Mamadi Diakite’s parents are Aboubacar Sidiki Diakite and Aminata Kaba. They both live in Guinea. Per The Washington Post, Diakite’s father is a former director of Guinea’s national pharmacies and laboratories, and his mother is a specialist in the fields of obstetrics and gynecology.
In an interview with UVA Today in 2018, Diakite said, “Guinea is very different from here. It’s a Third World country, as they say. To me, it is a great country. That is where I am from, where I grew up. People are very social, even if there is a lot of poverty.”
Diakite’s parents can speak French, but his English was rudimentary when he first came to UVA. He said to UVA Today, “At first it was really hard. … I only spoke basic English. I could tell people I was hungry.” He added, “But I found my way, and hung around some good people who really eased the process for me.”
Here’s what you need to know about Diakite’s parents, and their role in his basketball career:
Diakite’s Father, Aboubacar Sidiki Diakite, Encouraged Him to Play Basketball Because It’s Less ‘Violent’ Than Soccer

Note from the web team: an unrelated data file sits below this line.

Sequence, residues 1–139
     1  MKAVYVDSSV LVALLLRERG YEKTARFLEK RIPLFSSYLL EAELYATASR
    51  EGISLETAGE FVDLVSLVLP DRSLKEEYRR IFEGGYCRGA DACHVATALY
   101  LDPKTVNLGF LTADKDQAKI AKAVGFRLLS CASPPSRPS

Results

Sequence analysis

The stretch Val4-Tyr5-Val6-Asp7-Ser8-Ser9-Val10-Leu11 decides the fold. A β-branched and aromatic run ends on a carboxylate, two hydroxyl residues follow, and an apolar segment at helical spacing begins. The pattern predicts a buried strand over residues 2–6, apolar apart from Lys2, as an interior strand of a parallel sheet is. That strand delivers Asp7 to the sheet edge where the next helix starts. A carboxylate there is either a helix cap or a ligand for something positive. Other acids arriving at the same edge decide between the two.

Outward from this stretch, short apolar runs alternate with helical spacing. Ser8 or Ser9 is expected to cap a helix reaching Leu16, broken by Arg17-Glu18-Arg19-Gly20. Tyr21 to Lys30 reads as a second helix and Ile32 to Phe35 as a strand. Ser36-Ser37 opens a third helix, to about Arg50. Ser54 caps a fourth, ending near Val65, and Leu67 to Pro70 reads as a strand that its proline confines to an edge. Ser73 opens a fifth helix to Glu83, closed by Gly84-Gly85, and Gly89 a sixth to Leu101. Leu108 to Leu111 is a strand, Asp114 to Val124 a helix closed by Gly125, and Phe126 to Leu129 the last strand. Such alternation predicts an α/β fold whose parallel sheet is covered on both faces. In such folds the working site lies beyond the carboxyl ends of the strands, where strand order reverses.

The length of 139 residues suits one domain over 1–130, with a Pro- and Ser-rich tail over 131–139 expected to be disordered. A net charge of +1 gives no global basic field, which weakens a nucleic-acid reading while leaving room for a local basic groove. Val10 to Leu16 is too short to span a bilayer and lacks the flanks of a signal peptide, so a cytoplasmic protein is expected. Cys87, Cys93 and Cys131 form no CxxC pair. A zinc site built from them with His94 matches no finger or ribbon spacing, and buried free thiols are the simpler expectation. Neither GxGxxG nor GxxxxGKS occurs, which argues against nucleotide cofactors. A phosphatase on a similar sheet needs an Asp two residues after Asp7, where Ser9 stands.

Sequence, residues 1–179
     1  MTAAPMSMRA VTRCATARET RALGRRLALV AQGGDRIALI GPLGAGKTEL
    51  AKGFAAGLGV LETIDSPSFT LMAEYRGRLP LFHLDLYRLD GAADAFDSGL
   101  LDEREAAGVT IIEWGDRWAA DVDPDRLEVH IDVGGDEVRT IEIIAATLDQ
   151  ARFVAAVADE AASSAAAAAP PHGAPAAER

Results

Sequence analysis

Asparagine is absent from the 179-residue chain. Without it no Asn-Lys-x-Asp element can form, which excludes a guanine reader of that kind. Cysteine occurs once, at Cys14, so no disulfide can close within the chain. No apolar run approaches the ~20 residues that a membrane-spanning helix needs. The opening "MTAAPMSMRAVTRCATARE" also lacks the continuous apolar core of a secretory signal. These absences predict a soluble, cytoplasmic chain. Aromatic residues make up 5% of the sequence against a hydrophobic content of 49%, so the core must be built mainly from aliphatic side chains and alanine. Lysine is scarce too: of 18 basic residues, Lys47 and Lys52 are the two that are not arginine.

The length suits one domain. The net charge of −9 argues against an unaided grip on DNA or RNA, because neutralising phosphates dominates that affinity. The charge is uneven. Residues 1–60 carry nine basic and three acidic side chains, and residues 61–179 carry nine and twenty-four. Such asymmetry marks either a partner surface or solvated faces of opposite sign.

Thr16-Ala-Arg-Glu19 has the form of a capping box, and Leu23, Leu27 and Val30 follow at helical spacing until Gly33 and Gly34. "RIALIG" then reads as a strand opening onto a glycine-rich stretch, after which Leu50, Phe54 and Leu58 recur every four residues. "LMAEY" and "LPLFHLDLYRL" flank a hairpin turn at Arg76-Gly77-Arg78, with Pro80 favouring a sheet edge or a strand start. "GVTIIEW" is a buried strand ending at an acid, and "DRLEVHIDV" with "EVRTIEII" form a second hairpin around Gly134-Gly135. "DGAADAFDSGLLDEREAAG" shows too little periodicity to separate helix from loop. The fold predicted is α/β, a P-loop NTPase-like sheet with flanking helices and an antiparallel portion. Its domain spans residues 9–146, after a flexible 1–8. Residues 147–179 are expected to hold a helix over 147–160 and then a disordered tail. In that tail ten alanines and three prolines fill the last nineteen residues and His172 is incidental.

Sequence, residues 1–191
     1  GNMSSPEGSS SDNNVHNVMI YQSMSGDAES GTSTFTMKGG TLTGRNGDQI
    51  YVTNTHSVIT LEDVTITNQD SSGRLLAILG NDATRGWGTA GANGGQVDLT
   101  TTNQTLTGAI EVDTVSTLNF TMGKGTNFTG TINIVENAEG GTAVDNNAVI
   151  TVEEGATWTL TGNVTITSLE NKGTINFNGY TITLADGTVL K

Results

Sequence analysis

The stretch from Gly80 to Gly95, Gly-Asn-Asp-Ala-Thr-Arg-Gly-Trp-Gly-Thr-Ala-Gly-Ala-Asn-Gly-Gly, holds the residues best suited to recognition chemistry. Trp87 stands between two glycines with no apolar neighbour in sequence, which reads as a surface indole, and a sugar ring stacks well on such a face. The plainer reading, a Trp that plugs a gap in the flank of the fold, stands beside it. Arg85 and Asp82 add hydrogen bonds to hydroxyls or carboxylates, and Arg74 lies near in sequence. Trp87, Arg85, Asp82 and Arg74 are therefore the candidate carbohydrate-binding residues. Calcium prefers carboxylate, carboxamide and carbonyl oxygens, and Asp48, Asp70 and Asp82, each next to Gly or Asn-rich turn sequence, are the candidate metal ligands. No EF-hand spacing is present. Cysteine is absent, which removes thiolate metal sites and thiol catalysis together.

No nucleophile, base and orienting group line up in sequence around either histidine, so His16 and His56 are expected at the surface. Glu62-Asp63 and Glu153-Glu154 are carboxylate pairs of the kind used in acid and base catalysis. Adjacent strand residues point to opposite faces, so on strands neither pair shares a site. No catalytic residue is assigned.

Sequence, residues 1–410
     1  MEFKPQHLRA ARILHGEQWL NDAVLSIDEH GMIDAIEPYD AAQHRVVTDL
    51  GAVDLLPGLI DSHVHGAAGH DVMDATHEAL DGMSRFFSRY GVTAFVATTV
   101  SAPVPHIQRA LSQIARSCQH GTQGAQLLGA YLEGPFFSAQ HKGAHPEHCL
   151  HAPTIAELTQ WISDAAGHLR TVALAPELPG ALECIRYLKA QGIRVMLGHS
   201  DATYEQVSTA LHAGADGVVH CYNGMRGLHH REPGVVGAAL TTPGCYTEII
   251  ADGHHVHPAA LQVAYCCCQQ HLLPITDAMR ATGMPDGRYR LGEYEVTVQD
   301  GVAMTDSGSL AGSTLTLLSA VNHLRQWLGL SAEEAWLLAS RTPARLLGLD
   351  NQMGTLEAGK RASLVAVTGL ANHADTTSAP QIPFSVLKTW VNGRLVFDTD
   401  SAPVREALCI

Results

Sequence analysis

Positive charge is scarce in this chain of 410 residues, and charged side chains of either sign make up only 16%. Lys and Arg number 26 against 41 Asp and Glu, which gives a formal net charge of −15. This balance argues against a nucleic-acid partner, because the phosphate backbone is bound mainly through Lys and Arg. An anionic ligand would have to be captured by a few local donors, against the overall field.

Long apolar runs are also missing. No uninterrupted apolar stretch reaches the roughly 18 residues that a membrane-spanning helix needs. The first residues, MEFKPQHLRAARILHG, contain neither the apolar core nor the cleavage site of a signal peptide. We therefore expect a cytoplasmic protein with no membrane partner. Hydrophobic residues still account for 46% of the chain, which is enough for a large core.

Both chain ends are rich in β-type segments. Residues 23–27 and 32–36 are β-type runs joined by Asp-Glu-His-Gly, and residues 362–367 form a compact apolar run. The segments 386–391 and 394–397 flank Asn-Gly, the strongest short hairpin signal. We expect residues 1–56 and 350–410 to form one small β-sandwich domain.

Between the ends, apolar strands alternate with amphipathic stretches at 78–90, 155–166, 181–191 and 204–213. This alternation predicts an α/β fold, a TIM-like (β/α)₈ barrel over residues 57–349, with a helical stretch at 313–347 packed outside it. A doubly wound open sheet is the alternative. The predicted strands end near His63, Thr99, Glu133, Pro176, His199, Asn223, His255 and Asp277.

Per The Washington Post, Aboubacar Sidiki Diakite encouraged his son to switch from football (AKA soccer) to basketball because soccer is known for fights in Guinea. He said to the publication, “I often sat to watch my son play football (soccer). He played excellently well but I was worried. Football is a violent sport. That’s why I told him one day, ‘Mamadi, are you interested in basketball?’ And he answered, ‘No problem, dad.’”
To Cavalier Insider, Diakite relayed his version of events, regarding how his father convinced him to switch sports. He said, “He told me to just try it, and if I don’t like it I can keep playing soccer. I was like, ‘OK.’ I tried and it was really fun because I could dunk and stuff. I was like, ‘That’s really good. I think I’m going to switch sports.’”
According to Streaking the Lawn, Diakite can speak five languages: English, French, Malinke, Soussou, and Peul. French is technically the official language of Guinea, but Malinke and Soussou are nationally recognized languages of Guinea as well, and Peul is a dialect that’s found in 20 countries across West and Central Africa.
Diakite’s mother, Aminata Kaba, told The Washington Post that her son’s slim frame was concerning to her, especially considering his athletic endeavors. She said, “He got tall quickly, (but) I worried about his skinny waist, compared to his age. But his father told me he needs to grow up fast. He gave him a lot of [dairy and eggs].”